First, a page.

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As more and more data becomes available to the human race*, it is critical that we are prepared to understand it and to use it effectively to manage our societies, economies and the environment.

According to a new report launched today by the Association of Geographic Information (AGI), and developed in partnership with design and engineering consultancy Atkins, the geospatial community** will be crucial to helping the infrastructure industry understand, analyse and manage this huge influx of data.

Anne Kemp, Atkins Fellow and chief editor of the report, said: “Forbes predicts that over the next five years the number of handheld devices in the world will increase from 10.3 billion to 29.5 billion. This will mean a huge increase in data, and a phenomenal surge in the amount of noise we will need to sift through to find the information we need to make good decisions.”

“The role of the geospatial community in managing this data is vital. The management of big data through geospatial analysis helps us to visualise patterns of information, create better understanding and dialogue, and make more informed decisions.”

For example, one paper in the report – ‘Big data in future proofing cities’ by Geoff Darch, a principal consultant at Atkins – looks at how geospatial analysis can help future proof our cities through things like locating people who are vulnerable to risks (e.g. those who live near to natural hazards) and mapping city catchments (e.g. locating the sources of food for a growing city).

A key finding from the report is the need for the geospatial community, with their fundamental and deep understanding of data analytics, to work with infrastructure and other industries to tackle issues of data quality and security so that they can improve their decision making and planning. 

“There is far more to geospatial than maps. For geospatial practitioners, it’s really all about data, what you do with it and what outcomes you can provide,” said Anne.

Geospatial experts from Atkins to Ordnance Survey, Tesco to the Met Office, have come together to contribute to the report, providing insight into the issues they believe will have a significant impact on our economy, environment and society over the next five years. The Foresight Report looks at how the geospatial community can make a difference in these areas during an era of massive change and incredible need.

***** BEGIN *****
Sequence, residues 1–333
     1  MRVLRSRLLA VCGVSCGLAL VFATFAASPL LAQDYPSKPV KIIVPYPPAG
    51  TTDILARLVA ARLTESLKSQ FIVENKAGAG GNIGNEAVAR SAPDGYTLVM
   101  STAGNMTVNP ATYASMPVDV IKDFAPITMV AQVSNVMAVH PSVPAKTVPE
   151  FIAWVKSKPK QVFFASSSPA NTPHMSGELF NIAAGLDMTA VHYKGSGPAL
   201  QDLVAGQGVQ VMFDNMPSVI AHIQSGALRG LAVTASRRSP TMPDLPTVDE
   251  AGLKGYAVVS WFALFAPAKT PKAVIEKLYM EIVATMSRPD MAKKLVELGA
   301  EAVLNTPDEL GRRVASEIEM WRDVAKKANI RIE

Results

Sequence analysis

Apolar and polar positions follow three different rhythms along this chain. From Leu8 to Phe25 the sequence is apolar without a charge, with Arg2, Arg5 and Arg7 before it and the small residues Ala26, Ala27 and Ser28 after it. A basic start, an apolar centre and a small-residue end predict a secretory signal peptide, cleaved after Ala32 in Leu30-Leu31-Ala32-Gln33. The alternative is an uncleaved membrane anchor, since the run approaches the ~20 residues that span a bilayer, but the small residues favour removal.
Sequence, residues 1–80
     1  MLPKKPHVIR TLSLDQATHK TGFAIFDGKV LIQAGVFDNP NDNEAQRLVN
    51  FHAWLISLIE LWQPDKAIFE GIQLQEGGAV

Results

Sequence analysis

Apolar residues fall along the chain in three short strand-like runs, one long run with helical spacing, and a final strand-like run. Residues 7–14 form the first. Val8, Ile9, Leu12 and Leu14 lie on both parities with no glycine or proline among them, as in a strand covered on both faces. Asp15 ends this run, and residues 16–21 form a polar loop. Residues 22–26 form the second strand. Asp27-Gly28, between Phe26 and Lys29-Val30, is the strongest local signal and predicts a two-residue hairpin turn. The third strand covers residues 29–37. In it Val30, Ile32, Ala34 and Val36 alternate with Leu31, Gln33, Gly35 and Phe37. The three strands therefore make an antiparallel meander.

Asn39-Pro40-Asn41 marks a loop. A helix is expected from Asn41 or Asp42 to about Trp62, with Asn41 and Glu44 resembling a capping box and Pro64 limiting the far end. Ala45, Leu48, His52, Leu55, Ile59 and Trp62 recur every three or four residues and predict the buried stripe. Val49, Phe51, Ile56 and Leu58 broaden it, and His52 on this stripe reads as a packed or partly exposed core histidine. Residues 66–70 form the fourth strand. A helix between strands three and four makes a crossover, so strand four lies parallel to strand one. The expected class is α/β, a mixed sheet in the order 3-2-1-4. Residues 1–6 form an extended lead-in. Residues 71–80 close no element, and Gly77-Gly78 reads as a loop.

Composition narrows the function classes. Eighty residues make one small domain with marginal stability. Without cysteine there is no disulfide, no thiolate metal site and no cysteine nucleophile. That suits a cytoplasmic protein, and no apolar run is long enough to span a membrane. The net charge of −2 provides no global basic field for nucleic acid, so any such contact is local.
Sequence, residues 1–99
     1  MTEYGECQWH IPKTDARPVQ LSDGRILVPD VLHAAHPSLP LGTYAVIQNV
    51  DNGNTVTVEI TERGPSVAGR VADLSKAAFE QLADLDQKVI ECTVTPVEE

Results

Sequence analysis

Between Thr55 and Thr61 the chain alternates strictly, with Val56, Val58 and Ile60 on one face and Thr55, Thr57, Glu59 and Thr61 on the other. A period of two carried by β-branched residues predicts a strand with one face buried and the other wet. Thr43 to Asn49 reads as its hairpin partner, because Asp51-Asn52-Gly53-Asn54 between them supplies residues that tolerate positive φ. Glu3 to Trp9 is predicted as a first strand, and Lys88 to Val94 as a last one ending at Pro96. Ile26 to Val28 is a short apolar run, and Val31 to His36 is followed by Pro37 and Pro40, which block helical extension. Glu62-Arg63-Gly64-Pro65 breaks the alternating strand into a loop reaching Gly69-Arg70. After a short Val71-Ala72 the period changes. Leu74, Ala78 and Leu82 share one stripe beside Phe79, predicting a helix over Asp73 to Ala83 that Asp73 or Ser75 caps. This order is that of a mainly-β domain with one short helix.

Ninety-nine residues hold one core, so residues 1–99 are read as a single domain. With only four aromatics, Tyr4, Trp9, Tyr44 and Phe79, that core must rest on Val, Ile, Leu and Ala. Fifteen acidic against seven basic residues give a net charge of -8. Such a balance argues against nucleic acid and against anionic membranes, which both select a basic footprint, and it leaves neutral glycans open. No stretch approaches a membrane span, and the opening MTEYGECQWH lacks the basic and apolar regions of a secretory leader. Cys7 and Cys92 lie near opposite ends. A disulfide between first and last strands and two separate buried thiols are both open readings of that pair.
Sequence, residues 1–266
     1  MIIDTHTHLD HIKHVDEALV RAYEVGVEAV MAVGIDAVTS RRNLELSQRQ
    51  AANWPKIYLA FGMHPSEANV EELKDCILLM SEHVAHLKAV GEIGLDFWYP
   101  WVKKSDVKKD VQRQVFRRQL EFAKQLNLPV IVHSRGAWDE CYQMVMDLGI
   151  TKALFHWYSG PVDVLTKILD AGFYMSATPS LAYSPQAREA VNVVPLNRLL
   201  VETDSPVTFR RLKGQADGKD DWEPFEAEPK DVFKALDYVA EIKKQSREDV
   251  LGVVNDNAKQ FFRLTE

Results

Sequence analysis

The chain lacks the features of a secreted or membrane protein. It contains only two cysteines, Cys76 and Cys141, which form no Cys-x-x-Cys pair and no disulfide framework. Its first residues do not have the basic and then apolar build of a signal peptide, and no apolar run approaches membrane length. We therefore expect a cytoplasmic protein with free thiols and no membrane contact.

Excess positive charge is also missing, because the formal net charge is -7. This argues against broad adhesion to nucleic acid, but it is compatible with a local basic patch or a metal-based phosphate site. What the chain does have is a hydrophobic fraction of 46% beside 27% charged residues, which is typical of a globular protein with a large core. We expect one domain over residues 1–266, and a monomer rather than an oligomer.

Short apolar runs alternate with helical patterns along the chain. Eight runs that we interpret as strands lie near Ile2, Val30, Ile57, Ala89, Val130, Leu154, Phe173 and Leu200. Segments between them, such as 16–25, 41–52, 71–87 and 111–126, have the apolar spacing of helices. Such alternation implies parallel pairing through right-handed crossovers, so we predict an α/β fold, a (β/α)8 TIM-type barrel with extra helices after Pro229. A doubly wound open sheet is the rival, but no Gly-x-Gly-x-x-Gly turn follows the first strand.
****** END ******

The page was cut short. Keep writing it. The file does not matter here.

The Foresight Report was launched at the annual AGI event, GeoCom, and is sponsored by Atkins, ESRI and Ordnance Survey. It includes over 60 papers covering significant issues for the infrastructure industry from big data and smart cities to BIM.

To read the AGI Foresight Report 2020 visit www.agi.org.uk/news/foresight-report.

Ends

For more information:

D'yon Peoples
Communications manager, Design and Engineering

dyon.peoples@atkinsglobal.com
Tel: +44 1454 662026

Notes to editors:

*According to IBM, each day the human race creates 2.5 quintillion bytes of new data. To put this in perspective, that’s about the same as downloading half a billion new HD movies every day.

** The geospatial community refers to specialists who gather, display and manipulate information that has a location attached to it, from an address or coordinates from a GPS. Geospatial specialists display this information in maps that help people analyse large amounts of information – from the damage done by a tornado to the total number of home foreclosures in a specific area.

Atkins
Atkins (www.atkinsglobal.com) is one of the world's most respected design, engineering and project management consultancies, employing some 18,000 people across the UK, North America, Middle East, Asia Pacific and Europe. We build long term trusted partnerships to create a world where lives are enriched through the implementation of our ideas. You can view Atkins’ recent projects on our website.

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